A couple of Irishmen are trying to popularise Shakespeare by staging a modern version of the Scottish play. MacBecks is the story of a young lad in Elizabethan England who dreams of becoming the first pretty-boy footballer in a sport dominated by snaggletooths and wobblebottoms. Three scheming spice-witches rustle up a cauldron of perfumes and aphrodisiacs to cast a spell on the boy, enabling him to dance around his opponents like a twinkle-toed fairy. The spice-witch Poshoria then seduces MacBecks and presents him with a squirming litter of Becklings. The family migrate to the undiscovered continent of America, where they acquire fabulous riches by selling soccer-beads to the gullible natives.
It’s nice to see a Shakespearian tragedy rewritten with a happy ending, but I doubt it will be a hit. The common trait of all the Bard’s characters was their incontinent verbosity – even the stupid ones prattled on at great length about the most minor issues. The contrast with the Spice-Becks interaction could scarcely be greater. They are probably the first celebrity couple to have tied the knot without exchanging more than half-a-dozen coherent sentences. This isn’t meant to be a criticism, mind you. We of the jungle know what can be achieved with facial expressions and scent markings. I should imagine Victoria’s sultry pout told Becks everything he needed to know as he trotted off the football pitch, exuding his manly odours.
A better vehicle for the Becks story would have been a new version of Pygmalion called My Fair Laddie. The plot might go something like this:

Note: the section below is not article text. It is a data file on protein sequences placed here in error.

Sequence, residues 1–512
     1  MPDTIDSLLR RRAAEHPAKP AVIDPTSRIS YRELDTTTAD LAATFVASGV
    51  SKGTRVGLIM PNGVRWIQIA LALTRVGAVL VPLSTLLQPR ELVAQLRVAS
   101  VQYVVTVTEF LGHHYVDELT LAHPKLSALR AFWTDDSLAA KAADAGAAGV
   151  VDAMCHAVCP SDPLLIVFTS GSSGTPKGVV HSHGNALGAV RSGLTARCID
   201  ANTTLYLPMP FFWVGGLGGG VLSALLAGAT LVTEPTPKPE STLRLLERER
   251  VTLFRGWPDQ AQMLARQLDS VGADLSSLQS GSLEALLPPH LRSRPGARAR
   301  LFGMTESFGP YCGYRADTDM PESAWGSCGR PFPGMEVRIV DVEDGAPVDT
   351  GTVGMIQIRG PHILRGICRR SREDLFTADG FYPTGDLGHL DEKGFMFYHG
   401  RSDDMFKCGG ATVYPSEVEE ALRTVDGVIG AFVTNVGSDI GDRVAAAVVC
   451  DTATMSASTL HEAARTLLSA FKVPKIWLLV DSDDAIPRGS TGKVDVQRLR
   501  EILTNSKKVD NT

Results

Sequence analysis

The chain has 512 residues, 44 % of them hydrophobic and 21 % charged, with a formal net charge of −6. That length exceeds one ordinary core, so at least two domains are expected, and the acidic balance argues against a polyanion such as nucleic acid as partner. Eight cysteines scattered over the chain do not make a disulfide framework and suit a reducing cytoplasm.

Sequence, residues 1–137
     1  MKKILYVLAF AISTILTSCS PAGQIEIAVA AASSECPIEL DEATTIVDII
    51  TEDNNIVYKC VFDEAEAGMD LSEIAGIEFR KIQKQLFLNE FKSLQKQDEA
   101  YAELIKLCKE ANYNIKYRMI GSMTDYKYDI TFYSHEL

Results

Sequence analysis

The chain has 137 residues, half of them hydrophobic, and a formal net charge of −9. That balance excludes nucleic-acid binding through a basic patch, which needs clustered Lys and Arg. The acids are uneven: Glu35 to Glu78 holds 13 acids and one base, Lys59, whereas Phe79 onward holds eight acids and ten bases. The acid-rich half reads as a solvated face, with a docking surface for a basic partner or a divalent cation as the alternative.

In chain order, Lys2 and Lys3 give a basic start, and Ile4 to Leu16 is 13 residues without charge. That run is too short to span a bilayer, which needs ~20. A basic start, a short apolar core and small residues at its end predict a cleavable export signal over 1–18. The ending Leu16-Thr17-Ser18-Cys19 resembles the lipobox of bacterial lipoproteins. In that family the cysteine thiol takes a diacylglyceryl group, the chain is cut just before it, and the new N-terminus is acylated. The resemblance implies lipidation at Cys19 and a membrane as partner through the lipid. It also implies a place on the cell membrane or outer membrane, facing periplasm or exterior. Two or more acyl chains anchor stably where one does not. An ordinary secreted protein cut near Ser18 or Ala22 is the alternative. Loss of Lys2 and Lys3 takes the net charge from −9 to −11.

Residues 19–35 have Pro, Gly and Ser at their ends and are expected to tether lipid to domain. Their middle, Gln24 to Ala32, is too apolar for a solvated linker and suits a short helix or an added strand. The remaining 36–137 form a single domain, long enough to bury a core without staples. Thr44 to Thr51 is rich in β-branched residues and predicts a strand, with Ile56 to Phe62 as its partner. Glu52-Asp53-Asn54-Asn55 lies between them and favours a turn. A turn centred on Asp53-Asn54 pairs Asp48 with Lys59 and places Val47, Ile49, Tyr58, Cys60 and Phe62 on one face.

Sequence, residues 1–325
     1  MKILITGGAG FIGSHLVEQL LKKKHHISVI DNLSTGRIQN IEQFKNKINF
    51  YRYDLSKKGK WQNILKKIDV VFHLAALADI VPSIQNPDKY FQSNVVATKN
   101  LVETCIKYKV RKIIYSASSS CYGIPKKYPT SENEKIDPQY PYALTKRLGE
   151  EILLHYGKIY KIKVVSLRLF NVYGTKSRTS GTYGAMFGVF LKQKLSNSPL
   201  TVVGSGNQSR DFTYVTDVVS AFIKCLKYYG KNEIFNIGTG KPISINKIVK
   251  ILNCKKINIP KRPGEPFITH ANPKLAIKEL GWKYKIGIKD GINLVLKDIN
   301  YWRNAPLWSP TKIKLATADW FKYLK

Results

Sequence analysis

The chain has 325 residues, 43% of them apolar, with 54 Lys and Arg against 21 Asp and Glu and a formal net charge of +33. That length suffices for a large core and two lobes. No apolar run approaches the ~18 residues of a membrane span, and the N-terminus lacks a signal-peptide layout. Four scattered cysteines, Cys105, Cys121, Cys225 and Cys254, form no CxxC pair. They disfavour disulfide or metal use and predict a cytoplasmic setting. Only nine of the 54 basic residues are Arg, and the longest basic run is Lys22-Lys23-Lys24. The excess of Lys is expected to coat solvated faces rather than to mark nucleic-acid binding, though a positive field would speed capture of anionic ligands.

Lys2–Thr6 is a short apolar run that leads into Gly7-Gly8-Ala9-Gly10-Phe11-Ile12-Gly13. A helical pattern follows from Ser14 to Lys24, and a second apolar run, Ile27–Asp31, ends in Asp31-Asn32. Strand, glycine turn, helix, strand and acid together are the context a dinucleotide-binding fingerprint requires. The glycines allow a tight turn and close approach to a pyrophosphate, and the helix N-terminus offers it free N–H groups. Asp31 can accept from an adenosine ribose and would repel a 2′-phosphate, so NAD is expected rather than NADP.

Victoria Spice, professor of celebritology, has the world at her feet: crowds of photographers flock to take her picture when she poses in expensive yet gaudy evening gowns. Then she has a chance meeting with Becks, a ball-kicking yobbo whose dress sense is limited to tracksuits, trainers and hooded jackets. “I bet you I can turn this ragamuffin into a fashion icon that will fool the world,” she boasts to her Spice sisters. She takes Becks under her wing and dresses him in fancy clothes, teaching him to smile like a ninny for the cameras. Sure enough, his picture appears in all the glossiest celebrity magazines. But Becks was much happier kicking balls and gives the posh professor an ultimatum: “If you want me to keep doing this you better let me shag you cos it’s the only reason I let you dress me up like a poofter.” So they marry, have kids and con gullible Americans into giving them sackfuls of cash. The End.
It must be said that Shakespeare has never been popular in the Mother Continent. Most of his characters are simply too camp for a land where Nature, red in tooth and claw, is prowling about in your back garden. The only one of his plays that has wide appeal among the hairy fraternity is The Taming of the Shrew, purely because it’s about a hot-headed minx who gives people a good wallop when provoked. Fiery little women are a great simian favourite – most gorillas would love to keep one as a pet if they could afford the cosmetics and toiletries. Who would be the shrew in a modern version of the play? The Icelandic pixie Bjork obviously has the right personality, but did anyone ever manage to tame her? And Liz Hurley has certainly been tamed, but was she ever really a shrew? Artistic endeavour is full of such dilemmas.
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